A few years ago physical security information management became a popular phrase across the physical and logic security sectors. In its broadest sense, the term sought to describe the increasing convergence of IT security and physical security systems, which became inevitable as IP services adoption spread.
In the case of physical security, the phenomenon has revolutionised the approach to related products and services. Manufacturers, specifiers and installers have had to adapt and evolve to meet the expectations of the market, and in many cases the wider public.
The security sector as a whole has moved on and an IP connection is now simply a basic necessity, rather than a differentiating characteristic. Full integration between often complex and crucial systems is now the goal of security operators and providers alike.
However, the technology is undoubtedly becoming more and more complex, so one overall goal is to make it actually simpler to use and install.
The security market now demands more joined-up physical security technology, incorporating such elements as access control, physical locks and doors, CCTV, intruder alarms, firefighting systems, building services control, centralised business systems and information management systems, and HR systems.
The inability of these various facets to work directly together has been largely overcome; the overall management of a facility may be enhanced and made considerably simpler and more efficient by doing so.
Today many security and management systems can be linked to a universal internet connection, and there are many systems and software which are capable of administering and simplifying the task of running multiple functions from a single portal. Interoperability across networked elements has also improved.
Another hurdle has been to understand the popular standards and to create software systems which integrate the whole.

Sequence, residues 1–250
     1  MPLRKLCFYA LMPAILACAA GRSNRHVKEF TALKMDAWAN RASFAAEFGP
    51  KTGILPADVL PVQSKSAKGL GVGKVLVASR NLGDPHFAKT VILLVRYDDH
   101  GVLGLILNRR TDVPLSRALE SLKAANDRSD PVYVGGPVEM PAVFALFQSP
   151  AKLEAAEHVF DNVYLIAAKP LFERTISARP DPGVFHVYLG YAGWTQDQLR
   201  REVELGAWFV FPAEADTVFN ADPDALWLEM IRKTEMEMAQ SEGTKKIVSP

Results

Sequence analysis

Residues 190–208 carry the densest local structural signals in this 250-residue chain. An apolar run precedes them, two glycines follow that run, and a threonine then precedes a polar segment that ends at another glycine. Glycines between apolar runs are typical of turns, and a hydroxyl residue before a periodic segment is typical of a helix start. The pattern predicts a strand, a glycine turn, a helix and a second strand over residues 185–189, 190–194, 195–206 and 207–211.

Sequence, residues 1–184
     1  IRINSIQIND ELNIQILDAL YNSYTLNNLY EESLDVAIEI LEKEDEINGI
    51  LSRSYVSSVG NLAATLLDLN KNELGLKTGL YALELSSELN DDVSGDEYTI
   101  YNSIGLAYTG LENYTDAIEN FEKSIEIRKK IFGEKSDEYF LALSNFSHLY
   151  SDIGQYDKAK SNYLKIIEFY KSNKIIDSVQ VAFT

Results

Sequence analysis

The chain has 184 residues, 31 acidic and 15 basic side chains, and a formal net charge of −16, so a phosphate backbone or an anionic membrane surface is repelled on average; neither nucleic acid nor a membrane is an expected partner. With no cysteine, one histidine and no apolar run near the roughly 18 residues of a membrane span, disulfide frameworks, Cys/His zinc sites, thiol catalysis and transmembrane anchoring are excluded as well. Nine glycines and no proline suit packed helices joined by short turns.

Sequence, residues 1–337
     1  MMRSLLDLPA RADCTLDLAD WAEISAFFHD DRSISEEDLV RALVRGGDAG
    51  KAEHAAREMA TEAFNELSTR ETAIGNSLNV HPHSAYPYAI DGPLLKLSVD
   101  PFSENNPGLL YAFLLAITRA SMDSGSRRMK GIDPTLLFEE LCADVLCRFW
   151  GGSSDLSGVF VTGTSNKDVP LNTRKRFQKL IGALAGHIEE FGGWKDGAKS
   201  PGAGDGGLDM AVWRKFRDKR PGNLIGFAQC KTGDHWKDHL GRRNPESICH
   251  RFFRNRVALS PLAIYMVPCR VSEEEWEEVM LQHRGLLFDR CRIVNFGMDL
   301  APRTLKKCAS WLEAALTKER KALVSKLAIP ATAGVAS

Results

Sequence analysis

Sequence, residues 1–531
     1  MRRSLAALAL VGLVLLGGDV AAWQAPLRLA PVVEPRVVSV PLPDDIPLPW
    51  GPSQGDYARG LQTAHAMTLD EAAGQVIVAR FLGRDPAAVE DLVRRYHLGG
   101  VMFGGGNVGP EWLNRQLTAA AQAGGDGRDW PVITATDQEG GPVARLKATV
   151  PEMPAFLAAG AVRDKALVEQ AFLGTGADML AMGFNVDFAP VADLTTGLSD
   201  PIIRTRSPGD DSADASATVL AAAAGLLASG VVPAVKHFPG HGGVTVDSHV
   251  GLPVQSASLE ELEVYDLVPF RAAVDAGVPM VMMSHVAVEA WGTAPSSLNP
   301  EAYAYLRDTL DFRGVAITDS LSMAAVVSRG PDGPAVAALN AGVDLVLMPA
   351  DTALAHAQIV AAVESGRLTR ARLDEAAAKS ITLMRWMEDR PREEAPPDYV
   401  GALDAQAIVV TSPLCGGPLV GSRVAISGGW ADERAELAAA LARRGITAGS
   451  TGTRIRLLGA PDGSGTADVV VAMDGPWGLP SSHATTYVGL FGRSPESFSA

Security systems are traditionally used to combat intruders and protect against attack or theft, and some organisations face a substantial insider threat as well. Modern integrated security systems can be an effective deterrent.
It can be easy for a worker to remove items, especially small ones, without being noticed by colleagues or human security operators. CCTV surveillance may not be enough -- an integrated stock taking system and facility access monitoring can make it easier to investigate unaccounted-for losses and to check video footage.
Equally, this technology can also help defend staff from false or mistaken accusations.
Meanwhile, an integrated security system can detect how different rooms or spaces are being used, and manage the deployment of resources, for example outside working hours, or to reduce waste in vacant areas. Human and vehicles moving around a facility can also be monitored, to manage congestion or to assist in planning decisions.
Integrated systems -- such as fire alarms -- can also play an important role with regards to safety, especially in combination with all the other building control systems.
In the event of a fire, the fire alarm will probably be the first system to activate. In a modern integrated system, this can alert the security team and if required escalate to emergency services. Access can even be automatically restriced to parts of the building deemed dangerous, or it can be used to consult HR records or check ID restricted access logs, perhaps to see who has entered and left the facility.
CCTV systems can then be used to assess if people are trapped or to investigate dangerous areas and the spread of the emergency, without putting lives at risk.
Security systems can be used to monitor and administer time-keeping and attendance processes and systems. When also linked to CCTV and logical access of IT systems, the HR department or security operators can see exactly what is happening. Meanwhile, legacy kit may also be incorporated in a properly integrated system, tailoring the environment and reducing cost.
A good example is the use of CCTV cameras, where the best solution may be a healthy mix of modern megapixel cameras are other legacy or specific environment systems. In the past it would have been harder to use different specifications of camera on the same network but integrated systems are specifically designed to cater for this eventuality.
The connection of physical security to IP-based systems was a vital development in the security industry as a whole, but the synergy between physical systems is bringing the evolution of truly self-aware solutions even closer.
Traditionally organisations and installers dealt with a complete solution which was mutually exclusive to other solutions and offered little in the way of upgrades and evolution options. Making any changes was tricky, and took a lot of time and effort.
Security customers can now have greater control over their investments and confidence that they are wise investments.
John Davies is managing director of TDSi
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